In a plot twist shocking enough to be a work of creative fiction, two adopted women found out they were actually sisters while at Columbia University, The New York Times reported last week.
The irony? The two women were both enrolled in the same creative writing course and realised their connection during class.
Lizzie Valverde and Katy Olson were both enrolled in Columbia’s School of General Studies, and during their very first literary-reporting class the professor asked each student to go around the table to introduce themselves. While Valverde started providing the class with her introduction, she shared personal details about her life, like she was adopted and had a daughter, among other things.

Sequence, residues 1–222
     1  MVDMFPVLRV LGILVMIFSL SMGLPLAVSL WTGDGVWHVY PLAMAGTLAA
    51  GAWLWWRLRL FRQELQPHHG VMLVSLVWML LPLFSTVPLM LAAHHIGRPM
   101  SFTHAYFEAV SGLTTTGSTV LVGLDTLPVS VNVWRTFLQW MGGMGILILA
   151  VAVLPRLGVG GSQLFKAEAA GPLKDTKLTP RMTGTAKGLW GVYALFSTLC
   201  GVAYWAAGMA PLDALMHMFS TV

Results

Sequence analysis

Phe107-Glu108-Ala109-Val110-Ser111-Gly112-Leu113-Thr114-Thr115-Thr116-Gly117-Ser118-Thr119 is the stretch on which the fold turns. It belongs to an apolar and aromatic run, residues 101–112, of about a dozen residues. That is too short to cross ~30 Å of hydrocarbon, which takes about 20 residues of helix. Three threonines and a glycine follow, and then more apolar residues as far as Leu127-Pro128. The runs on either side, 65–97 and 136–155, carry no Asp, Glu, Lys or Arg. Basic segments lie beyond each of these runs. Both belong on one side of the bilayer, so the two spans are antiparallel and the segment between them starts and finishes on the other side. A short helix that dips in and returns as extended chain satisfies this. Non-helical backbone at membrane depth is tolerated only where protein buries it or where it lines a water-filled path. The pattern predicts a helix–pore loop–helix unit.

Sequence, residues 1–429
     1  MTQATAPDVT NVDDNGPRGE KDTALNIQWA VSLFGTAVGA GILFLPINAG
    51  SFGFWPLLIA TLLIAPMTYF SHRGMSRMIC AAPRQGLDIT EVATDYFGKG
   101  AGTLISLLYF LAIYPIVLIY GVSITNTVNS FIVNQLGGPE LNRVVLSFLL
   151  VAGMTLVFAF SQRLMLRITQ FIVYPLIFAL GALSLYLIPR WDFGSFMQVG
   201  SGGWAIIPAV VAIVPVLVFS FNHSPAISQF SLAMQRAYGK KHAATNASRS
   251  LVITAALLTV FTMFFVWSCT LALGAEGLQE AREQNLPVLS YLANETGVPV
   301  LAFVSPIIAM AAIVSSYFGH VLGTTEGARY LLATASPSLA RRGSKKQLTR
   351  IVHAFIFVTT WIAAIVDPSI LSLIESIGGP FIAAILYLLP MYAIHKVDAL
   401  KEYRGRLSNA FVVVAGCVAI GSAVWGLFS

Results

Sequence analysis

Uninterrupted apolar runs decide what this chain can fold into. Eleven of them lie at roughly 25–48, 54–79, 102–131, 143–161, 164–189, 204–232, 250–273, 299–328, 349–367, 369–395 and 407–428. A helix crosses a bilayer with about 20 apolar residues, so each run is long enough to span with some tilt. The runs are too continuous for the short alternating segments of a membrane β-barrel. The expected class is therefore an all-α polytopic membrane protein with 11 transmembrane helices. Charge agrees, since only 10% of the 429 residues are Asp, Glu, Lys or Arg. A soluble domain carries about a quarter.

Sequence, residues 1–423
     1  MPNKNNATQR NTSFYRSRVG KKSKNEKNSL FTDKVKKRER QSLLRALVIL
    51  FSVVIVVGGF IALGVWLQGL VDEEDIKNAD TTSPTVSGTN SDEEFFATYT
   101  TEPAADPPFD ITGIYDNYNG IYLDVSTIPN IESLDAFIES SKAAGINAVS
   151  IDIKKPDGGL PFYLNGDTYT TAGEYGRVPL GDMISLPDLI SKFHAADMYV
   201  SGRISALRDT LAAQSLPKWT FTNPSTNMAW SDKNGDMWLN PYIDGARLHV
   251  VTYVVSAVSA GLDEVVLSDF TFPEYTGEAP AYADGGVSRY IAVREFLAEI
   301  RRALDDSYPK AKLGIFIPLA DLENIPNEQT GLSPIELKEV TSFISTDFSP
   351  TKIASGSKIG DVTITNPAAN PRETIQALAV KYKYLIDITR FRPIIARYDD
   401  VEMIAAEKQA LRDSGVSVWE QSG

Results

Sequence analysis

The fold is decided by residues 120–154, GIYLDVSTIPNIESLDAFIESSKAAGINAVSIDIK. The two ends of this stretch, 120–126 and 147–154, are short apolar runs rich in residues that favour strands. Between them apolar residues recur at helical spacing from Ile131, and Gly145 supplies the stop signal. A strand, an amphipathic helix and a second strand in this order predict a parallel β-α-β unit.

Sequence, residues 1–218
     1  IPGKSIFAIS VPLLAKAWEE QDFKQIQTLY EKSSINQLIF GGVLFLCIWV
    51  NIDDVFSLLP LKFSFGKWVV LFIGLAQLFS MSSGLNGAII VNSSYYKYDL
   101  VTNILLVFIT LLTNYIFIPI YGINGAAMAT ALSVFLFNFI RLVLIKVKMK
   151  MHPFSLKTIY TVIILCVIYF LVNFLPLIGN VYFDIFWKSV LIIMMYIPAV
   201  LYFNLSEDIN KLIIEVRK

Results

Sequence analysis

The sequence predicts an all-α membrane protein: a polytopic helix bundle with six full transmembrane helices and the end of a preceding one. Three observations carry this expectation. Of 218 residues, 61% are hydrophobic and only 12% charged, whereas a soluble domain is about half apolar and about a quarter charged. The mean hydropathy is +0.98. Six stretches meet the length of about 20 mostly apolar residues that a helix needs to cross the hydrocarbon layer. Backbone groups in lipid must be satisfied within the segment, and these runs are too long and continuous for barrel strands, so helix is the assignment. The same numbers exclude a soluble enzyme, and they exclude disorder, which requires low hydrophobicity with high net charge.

Valverde’s details triggered a reaction in her still unrealized sister, and Olson was visibly shaken.
“It looked like she was having a panic attack,” Valverde said, according to the Times.
Olson grabbed Valverde after class and told her that she thought they may actually be sisters. They immediately started sharing details about their lives and comparing stories. Eventually, they realised they were indeed sisters, both given up for adoption in Tampa, Florida.
Valverde has actually met their biological mother before after she discovered her maiden name under a whited-out section of an adoption certificate. But she didn’t know she had a biological sister.
Their mother, Leslie Parker, had the two sisters when she was a teenager and gave them up so they would have the opportunity for a better life, the Times wrote.
And in the ultimate happy ending, Parker and flew up for a first-time meeting with Olson for her graduation from Columbia. “I’m so proud of them,” Parker told ABC news. “They’re both amazing, beautiful women.”
NOW WATCH: Briefing videos
Business Insider Emails & Alerts
Site highlights each day to your inbox.